Tuesday, February 15, 2011

Decisions and Morality in Christianity and Our World: Week 4 Event Blog

            On Monday, February 14, I attended a lecture given by corporate lawyer Andrea Giampetro-Meyer, J.D. entitled: The Deepwater Horizion and the Normalization of Deviance. Walking in to the fourth floor programming room, I was unsure about what the lecture would actually discuss, and tired after a long day was therefore uninterested regardless. However, when it became clear that the lecture would answer some of the lingering questions about this summer’s catastrophic British Petroleum oil spill in the Gulf of Mexico, my ears perked up. By the end of that hour long lecture, I had learned more about the events surrounding the BP oil spill than I had from watching hour upon hour of news footage over the summer.
            In her presentation, Giampetro referenced author Diane Vaughan who wrote The Challenger Launch Decision and explored what events went askew or what procedures were carried out incorrectly leading up to the Challenger space craft disaster in which the entire crew on board the carrier perished. Vaughan expected to find misconduct from NASA, but after a year and a half of research, she found nothing. NASA had followed corporate procedures precisely. Therefore, she delved further into such procedures to question whether or not such guidelines were strict enough if they could allow an error of this magnitude. She concluded that mistakes such as the Challenger disaster are not quick accidents, but have a long incubation period and are ultimately inevitable.
            We were shown a 15 minute clip from a PBS Frontline special on the BP oil spill, and similar themes emerged. Signals of a possible problem were either weak, misinterpreted, or missed entirely. BP CEO Tony Hayward at the time came in to his position pledging enhanced safety precautions in the company, as BP had a devastating oil spill off the coast of Alaska in 2006, and even formed a new safety committee within the company. However, that progressive idea was stifled and almost rendered useless when coupled with the pressure Hayward felt to cut spending within the company. BP saved over $2 million just on the Deep Water Horizon well alone by skimping on or in some cases omitting necessary reinforcements to secure and reinforce the well. This made the spill completely inevitable. In this case, industry standards were not followed, and BP faced the biggest liability suit in corporate history.
            This lecture made me think a great deal about the decisions we make and the morality behind those decisions. It was not one big decision made by one person which caused the oil spill in the Gulf, but a series of smaller judgmental errors by many people in the company. Often such mistakes are made by people who are so blinded by their vision that they are incapable of seeing the lack of morality in their actions. Such is the case in Flannery O’Connor’s short story “A Good Man is Hard to Find”. The character of the Grandmother tells the Misfit to pray but when she is put on the spot does not seem to know how to pray herself. She preaches about praying and being a Christian and has a blind acceptance of God. However, the Misfit questions God and instead lives by his own moral code to which he adheres for the duration of the story. In a perverse sense, the Misfit emerges from the work almost as the moral voice despite having been responsible for the numerous deaths.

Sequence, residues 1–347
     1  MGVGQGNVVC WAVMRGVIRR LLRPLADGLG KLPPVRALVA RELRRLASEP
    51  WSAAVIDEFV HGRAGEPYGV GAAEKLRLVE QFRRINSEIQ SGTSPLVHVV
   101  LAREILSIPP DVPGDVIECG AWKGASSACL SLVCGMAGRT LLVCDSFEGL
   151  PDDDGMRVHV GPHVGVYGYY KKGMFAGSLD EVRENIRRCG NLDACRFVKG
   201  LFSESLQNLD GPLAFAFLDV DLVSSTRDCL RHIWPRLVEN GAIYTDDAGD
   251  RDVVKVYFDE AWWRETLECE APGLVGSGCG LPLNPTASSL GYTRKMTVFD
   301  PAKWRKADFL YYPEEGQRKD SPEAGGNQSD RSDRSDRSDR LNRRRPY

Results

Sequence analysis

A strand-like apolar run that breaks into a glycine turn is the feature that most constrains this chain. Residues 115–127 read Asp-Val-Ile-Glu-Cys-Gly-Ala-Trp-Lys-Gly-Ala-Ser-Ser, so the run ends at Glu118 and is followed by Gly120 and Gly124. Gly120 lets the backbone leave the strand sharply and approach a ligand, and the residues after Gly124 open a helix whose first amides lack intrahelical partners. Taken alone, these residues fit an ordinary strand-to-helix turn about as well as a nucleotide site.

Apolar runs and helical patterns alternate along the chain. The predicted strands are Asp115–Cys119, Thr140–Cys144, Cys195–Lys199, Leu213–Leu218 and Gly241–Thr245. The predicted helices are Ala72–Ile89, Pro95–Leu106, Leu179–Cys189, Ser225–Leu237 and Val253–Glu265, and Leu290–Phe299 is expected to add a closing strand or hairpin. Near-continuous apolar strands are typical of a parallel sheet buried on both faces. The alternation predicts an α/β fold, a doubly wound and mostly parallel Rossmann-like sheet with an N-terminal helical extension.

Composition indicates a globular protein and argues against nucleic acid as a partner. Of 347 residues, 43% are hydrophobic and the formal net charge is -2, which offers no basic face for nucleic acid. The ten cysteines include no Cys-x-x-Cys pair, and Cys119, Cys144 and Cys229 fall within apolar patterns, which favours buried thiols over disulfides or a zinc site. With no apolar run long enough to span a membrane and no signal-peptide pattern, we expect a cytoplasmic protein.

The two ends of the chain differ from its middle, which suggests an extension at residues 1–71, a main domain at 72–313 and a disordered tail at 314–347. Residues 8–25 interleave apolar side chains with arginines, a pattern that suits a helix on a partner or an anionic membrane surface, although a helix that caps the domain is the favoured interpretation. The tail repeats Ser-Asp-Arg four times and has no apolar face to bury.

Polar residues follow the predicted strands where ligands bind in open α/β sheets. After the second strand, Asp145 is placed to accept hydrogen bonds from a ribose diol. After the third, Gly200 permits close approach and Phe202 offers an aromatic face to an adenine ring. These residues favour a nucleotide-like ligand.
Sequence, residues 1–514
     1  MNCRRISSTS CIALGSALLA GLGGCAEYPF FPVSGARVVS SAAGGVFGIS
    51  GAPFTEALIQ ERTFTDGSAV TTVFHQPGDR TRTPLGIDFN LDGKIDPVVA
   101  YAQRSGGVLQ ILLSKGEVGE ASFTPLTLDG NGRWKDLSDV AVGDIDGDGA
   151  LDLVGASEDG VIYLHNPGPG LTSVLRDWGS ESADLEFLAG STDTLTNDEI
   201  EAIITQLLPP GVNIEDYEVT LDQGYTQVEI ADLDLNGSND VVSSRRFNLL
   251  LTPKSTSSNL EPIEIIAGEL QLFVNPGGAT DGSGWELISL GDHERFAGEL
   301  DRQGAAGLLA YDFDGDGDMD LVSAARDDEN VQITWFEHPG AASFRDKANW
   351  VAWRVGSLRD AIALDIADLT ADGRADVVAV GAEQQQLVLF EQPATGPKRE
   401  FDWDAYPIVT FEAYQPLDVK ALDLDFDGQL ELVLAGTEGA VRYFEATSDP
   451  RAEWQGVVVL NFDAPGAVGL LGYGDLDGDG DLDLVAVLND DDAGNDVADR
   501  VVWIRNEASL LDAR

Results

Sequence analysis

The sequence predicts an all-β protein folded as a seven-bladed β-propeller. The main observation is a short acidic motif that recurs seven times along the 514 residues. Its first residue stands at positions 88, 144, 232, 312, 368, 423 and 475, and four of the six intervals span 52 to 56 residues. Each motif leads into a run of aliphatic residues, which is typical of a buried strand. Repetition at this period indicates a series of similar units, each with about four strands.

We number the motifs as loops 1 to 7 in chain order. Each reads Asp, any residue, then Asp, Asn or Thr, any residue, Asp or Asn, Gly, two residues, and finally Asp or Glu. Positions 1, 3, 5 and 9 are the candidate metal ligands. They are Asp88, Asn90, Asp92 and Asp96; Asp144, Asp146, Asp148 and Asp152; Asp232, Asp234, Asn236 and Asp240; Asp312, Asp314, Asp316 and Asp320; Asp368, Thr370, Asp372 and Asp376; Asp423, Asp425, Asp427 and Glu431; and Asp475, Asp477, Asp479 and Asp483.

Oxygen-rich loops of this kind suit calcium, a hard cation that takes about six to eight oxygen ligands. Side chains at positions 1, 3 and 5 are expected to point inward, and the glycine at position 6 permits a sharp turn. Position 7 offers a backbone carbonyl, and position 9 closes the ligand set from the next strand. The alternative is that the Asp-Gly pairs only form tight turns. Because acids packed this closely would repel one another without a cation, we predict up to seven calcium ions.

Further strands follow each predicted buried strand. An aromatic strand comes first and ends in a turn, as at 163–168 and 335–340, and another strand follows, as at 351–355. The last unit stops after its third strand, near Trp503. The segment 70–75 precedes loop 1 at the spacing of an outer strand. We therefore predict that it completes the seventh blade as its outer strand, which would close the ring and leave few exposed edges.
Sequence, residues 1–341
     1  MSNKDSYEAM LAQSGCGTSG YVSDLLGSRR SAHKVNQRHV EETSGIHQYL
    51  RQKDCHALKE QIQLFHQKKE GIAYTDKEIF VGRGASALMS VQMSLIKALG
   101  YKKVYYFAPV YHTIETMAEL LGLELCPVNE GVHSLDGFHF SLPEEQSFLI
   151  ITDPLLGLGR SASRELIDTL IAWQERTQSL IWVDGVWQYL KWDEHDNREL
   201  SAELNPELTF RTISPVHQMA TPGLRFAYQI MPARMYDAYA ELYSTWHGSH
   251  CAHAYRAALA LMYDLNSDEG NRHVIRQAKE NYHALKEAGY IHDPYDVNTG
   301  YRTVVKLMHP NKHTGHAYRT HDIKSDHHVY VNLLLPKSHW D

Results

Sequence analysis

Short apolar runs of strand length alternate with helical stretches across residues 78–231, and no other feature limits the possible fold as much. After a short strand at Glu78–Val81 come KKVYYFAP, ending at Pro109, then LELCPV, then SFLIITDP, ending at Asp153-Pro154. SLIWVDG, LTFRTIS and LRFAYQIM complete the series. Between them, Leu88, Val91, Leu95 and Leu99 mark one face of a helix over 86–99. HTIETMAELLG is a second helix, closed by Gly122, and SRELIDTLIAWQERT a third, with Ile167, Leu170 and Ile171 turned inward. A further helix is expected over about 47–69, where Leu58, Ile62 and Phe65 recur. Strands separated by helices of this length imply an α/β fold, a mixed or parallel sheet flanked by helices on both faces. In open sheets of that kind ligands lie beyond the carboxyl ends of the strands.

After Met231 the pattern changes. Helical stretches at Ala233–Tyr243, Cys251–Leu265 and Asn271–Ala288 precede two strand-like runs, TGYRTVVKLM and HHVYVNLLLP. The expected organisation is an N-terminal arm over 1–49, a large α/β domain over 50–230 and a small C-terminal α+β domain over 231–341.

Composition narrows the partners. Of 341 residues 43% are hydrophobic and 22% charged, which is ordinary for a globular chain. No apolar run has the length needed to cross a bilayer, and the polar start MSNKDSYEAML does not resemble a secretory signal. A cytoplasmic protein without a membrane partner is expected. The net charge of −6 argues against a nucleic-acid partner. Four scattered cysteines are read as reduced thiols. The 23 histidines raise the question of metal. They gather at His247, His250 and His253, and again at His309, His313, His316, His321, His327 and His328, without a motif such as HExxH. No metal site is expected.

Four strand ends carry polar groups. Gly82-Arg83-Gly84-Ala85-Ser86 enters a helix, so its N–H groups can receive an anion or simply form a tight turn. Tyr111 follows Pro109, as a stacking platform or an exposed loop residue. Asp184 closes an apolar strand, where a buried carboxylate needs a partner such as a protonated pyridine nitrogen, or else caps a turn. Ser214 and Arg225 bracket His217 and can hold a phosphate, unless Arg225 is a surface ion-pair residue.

Gerard Manley Hopkins’ poem “God’s Grandeur” implies that we as humans have disobeyed God and that his magnificence created all of the natural resources in the world only for “Generations have trod, have trod, have trod; / And all is smeared with trade; bleared, smeared with toil; / And wears a man’s smudge and shares man’s smell: the soil,” (5-7). He states that we are depleting God’s world with our greed and ambition, which relates very closely to some of the points brought up in the lecture on the BP oil spill.
            In Jane Hirshfield’s piece “Happiness”, she uses aside and personification to relay the message that we should be kind to all creatures on the earth, and that we should try to learn from every person and experience in our lives. The patron saint of animals and the environment, Saint Francis of Assisi above all encouraged respect for the world around us, and in the diction of Hirshfield's poem she intimates through folklore about him that all living things are connected. If we do not extrapolate important values, morals and messages from our experiences and our surroundings, she implies that "Hopelessness, Desperateness, [and] Loneliness," are waiting in the wings to try and corrupt us (20). When I first sat down to write this week's reflection, I lamented that none of the poems or my activity seemed at all connected, but I am shocked by how much they are. These three works and last year's BP oil spill disaster all come down to the strength or weakness of our morals and by extension the decisions that those morals allow us to make. 

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